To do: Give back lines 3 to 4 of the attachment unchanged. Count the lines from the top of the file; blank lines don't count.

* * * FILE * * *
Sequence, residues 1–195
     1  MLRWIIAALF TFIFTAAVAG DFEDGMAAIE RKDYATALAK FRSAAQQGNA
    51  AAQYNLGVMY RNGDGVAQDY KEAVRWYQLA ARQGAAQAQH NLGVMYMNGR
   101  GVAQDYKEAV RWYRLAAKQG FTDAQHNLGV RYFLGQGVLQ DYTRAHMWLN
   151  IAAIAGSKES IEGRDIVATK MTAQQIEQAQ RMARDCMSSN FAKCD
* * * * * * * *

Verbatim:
    51  AAQYNLGVMY RNGDGVAQDY KEAVRWYQLA ARQGAAQAQH NLGVMYMNGR
   101  GVAQDYKEAV RWYRLAAKQG FTDAQHNLGV RYFLGQGVLQ DYTRAHMWLN